have contributed to the conviction," Chapman v. California, 386 U.S. 18, 23 (1967), quoting from Fahy v. Connecticut, 375 U.S. 85, 86-87 (1963), we also conclude that the error was not harmless beyond a reasonable doubt. The defendant's convictions must be reversed.
2. The motion to suppress. The defendant's argument that his motion to suppress the gun was improperly denied rests on his assertion that the judge's finding that his movements were "furtive" is clearly erroneous because, he asserts, the movements described by the police officer "were not 'furtive' as defined by court decisions." [Note 7]
Because the automobile that the defendant was driving did not immediately stop when the trooper signaled for the vehicle to stop, the trooper, who was alone, sought backup. When the automobile did subsequently stop, the trooper approached the driver's side. He saw four occupants in the vehicle. He noticed that the defendant was "making movement side to side and slightly forward" and was "fumbling with an object in his lap [and] manipulating that object between his legs."
Upon the arrival of two additional troopers, the first trooper ordered the occupants to put their hands on their heads. They did not comply with the first order, but they did comply after a second order. The trooper then ordered the defendant to leave the automobile. The trooper pat frisked the defendant and found a cellular telephone. The trooper told one of the other troopers of the defendant's movements, and that trooper, observing the driver's door open, checked the area around the driver's seat and found a gun.
The defendant quarrels only with the judge's determination that his gestures were furtive, asserting that these movements were mere "fidgeting." "The phrase 'furtive gesture' appears in many decisions where the issue is whether a patfrisk or a search
of a vehicle is justified. The gestures are interpreted by the police (and by the courts) as demonstrating the hiding of contraband or as threatening the officers' safety." Commonwealth v. Holley, 52 Mass. App. Ct. 659 , 664-665 (2001). Our cases often indicate that such movements were attempts to hide drugs or guns in compartments or under the seats of an automobile. Guns so hidden could be retrieved and could threaten the safety of an officer or others. Compare Commonwealth v. Rivera, 33 Mass. App. Ct. 311 , 315 (1992); Commonwealth v. Heughan, 40 Mass. App. Ct. 102 , 104- 105 (1996). "[A]n officer [is required] to have reasonable suspicion of danger to himself or others before ordering a driver from a lawfully stopped vehicle." Commonwealth v. Rivera, 67 Mass. App. Ct. 362 , 365 (2006), and cases cited. The judge found the trooper's suspicion in this case was reasonable. We conclude that the motion judge's findings are not clearly erroneous and that he correctly denied the motion to suppress the gun. [Note 8]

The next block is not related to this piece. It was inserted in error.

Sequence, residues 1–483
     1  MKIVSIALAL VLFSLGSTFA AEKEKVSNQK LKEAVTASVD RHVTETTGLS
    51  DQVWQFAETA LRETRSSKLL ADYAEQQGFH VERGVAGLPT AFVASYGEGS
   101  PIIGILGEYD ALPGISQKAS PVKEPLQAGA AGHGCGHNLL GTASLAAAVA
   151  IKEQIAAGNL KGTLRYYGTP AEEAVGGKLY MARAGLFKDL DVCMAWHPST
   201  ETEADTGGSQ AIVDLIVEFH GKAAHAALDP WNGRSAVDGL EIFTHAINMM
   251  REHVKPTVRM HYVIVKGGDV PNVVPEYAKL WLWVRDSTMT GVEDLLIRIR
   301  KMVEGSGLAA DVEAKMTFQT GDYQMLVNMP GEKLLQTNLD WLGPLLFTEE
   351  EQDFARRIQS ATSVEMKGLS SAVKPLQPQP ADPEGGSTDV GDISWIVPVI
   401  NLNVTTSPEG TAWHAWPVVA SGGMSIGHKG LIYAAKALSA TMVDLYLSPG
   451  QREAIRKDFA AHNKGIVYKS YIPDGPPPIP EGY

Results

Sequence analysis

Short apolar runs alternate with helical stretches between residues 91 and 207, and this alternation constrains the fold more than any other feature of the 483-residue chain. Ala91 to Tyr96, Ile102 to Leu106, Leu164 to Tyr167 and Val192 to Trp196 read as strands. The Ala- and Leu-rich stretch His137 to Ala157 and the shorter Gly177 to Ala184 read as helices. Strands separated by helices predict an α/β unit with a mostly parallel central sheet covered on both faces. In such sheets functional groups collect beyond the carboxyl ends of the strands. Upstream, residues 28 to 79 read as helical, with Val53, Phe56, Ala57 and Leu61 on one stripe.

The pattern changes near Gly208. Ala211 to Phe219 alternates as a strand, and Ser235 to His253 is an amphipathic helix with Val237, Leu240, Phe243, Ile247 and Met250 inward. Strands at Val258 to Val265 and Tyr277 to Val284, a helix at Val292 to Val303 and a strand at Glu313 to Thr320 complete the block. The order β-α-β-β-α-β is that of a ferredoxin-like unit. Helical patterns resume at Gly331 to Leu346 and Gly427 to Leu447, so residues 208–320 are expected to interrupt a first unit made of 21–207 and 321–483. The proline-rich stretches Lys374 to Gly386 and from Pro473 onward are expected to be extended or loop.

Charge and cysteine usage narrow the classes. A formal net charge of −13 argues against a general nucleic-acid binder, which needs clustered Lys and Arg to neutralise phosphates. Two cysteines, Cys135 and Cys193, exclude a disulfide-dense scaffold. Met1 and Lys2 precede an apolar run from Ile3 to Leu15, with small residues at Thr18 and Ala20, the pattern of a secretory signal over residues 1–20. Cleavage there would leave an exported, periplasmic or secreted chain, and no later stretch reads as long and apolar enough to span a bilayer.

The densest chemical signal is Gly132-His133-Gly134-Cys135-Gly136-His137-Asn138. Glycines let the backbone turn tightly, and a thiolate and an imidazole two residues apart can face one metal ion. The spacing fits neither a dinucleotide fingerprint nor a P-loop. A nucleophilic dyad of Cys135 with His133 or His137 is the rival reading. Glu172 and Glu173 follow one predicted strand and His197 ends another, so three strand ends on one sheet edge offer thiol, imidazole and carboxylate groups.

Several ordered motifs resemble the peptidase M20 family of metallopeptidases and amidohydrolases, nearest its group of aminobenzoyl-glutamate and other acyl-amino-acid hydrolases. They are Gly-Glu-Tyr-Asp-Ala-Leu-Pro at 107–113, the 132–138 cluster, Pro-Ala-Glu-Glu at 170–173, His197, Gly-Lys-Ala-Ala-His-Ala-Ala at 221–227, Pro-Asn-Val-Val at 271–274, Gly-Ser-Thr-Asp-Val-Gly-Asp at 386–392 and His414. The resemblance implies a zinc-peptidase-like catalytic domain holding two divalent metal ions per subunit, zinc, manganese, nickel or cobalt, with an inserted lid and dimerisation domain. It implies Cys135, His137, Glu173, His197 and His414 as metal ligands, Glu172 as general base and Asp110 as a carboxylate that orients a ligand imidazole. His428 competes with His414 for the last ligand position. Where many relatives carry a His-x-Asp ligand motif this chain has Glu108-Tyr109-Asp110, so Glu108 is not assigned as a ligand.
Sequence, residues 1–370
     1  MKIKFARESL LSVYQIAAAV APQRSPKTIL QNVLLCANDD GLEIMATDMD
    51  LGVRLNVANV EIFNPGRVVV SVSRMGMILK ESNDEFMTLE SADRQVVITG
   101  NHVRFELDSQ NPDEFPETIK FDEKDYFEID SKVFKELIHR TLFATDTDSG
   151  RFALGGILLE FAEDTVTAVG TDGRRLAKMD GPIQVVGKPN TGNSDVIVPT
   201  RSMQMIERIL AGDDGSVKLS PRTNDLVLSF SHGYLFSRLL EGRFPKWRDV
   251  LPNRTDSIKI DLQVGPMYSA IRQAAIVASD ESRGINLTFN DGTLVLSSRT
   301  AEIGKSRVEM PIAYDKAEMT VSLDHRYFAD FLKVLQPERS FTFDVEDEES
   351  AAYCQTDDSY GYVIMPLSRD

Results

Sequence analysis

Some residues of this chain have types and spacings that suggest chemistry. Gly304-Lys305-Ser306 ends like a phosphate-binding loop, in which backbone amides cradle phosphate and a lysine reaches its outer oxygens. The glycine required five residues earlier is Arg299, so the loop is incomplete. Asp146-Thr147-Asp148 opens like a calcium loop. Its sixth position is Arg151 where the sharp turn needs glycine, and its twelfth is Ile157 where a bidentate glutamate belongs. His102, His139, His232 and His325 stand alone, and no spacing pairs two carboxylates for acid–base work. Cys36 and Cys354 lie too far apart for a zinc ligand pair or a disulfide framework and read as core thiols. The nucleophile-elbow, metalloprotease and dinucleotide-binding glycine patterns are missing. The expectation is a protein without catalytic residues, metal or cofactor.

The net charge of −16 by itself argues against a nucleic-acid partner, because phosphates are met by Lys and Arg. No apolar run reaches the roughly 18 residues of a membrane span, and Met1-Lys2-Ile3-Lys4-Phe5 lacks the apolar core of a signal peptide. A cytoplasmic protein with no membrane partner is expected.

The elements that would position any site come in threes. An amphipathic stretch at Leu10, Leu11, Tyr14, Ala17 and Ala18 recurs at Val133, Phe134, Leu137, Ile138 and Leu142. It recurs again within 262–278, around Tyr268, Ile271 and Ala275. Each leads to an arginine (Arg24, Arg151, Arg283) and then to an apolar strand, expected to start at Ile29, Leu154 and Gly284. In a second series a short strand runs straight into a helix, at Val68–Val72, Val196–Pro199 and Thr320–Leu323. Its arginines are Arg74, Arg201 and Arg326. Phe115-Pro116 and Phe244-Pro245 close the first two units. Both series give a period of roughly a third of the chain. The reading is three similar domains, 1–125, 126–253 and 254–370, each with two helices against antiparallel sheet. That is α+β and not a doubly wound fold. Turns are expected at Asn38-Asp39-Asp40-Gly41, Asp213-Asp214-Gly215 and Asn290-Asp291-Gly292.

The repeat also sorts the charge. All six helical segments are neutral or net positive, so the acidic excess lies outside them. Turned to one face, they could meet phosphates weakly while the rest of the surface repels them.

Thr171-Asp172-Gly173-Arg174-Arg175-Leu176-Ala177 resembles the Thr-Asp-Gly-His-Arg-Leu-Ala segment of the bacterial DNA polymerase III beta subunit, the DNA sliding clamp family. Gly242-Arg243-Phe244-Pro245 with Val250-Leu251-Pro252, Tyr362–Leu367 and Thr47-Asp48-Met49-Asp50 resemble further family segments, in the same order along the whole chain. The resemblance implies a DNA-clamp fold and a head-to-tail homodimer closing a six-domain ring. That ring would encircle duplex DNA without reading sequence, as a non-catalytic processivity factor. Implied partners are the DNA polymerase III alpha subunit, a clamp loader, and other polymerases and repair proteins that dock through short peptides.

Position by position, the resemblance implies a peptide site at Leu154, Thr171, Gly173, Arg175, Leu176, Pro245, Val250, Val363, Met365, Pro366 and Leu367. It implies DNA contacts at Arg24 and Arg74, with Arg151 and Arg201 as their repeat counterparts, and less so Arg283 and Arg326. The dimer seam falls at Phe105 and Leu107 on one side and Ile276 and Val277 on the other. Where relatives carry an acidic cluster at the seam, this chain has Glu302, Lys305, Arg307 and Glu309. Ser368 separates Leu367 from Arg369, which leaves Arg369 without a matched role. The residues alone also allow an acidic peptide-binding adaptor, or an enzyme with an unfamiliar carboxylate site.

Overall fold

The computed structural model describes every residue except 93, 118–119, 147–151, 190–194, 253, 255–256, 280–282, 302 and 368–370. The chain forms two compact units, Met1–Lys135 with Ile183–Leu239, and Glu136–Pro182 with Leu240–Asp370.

Verdicts set aside.
[Note 1] The defendant also was found responsible for a motor vehicle violation, and the charge was placed on file with the defendant's consent.
[Note 2] In view of our disposition of the case, we do not consider the order denying the motion for a new trial, which addressed the defendant's claims of ineffective assistance of counsel.
[Note 3] The judge who ruled on the motion to suppress was not the trial judge.
[Note 4] The United States Supreme Court granted Morales's petition for a writ of certiorari. On June 29, 2009, the Court ordered the judgment vacated and remanded the case to this court for further consideration in light of Melendez-Diaz v. Massachusetts, 129 S. Ct. 2527 (2009). Morales v. Massachusetts, 129 S. Ct. 2858 (2009).
[Note 5] In addressing the challenge to the ballistics certificate, we do not write on a clean slate. See the following cases that have ruled on ballistics certificates under the Melendez-Diaz v. Massachusetts, supra, and Morales v. Massachusetts, supra, decisions: Commonwealth v. Brown, 75 Mass. App. Ct. 361 (2009); Commonwealth v. Mendes, 75 Mass. App. Ct. 390 (2009); Commonwealth v. Chery, 75 Mass. App. Ct. 909 (2009); Commonwealth v. Hollister, 75 Mass. App. Ct. 729 (2009); Commonwealth v. Ware, ante 53 (2009).
We acknowledge receipt of letters from the defendant after oral argument, citing some of these and other cases.
[Note 6] For summaries of cases setting forth evidence from which a jury could draw the inference that a firearm will fire, see Commonwealth v. Nieves, supra at 2-3, and Commonwealth v. Hollister, supra at 732-733.
[Note 7] The judge's decision appears on the motion as follows:
"After hearing & consideration, & crediting [the trooper's] testimony, I find that the stop was carried out based upon a reasonable suspicion of a moving violation & that the exit order, given the initial refusal to comply with a reasonable request to the passengers & driver to put hands on heads prompted by a concern for officer safety based upon the driver's furtive gestures was, as was the pat down & search, given all of the facts & circumstances, reasonable."
[Note 8] The defendant notes that his motion to suppress also sought suppression of statements as fruit of the poisonous tree. He makes no argument on appeal concerning the statements. Therefore, we have no occasion to consider them.